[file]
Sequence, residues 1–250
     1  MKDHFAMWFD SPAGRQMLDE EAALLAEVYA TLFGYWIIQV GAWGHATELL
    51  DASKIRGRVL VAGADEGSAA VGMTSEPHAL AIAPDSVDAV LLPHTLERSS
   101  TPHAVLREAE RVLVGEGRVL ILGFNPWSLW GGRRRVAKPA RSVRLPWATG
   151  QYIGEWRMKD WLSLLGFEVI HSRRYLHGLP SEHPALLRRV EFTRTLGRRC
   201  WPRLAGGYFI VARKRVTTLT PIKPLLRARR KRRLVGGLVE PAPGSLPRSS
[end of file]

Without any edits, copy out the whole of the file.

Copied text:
Sequence, residues 1–250
     1  MKDHFAMWFD SPAGRQMLDE EAALLAEVYA TLFGYWIIQV GAWGHATELL
    51  DASKIRGRVL VAGADEGSAA VGMTSEPHAL AIAPDSVDAV LLPHTLERSS
   101  TPHAVLREAE RVLVGEGRVL ILGFNPWSLW GGRRRVAKPA RSVRLPWATG
   151  QYIGEWRMKD WLSLLGFEVI HSRRYLHGLP SEHPALLRRV EFTRTLGRRC
   201  WPRLAGGYFI VARKRVTTLT PIKPLLRARR KRRLVGGLVE PAPGSLPRSS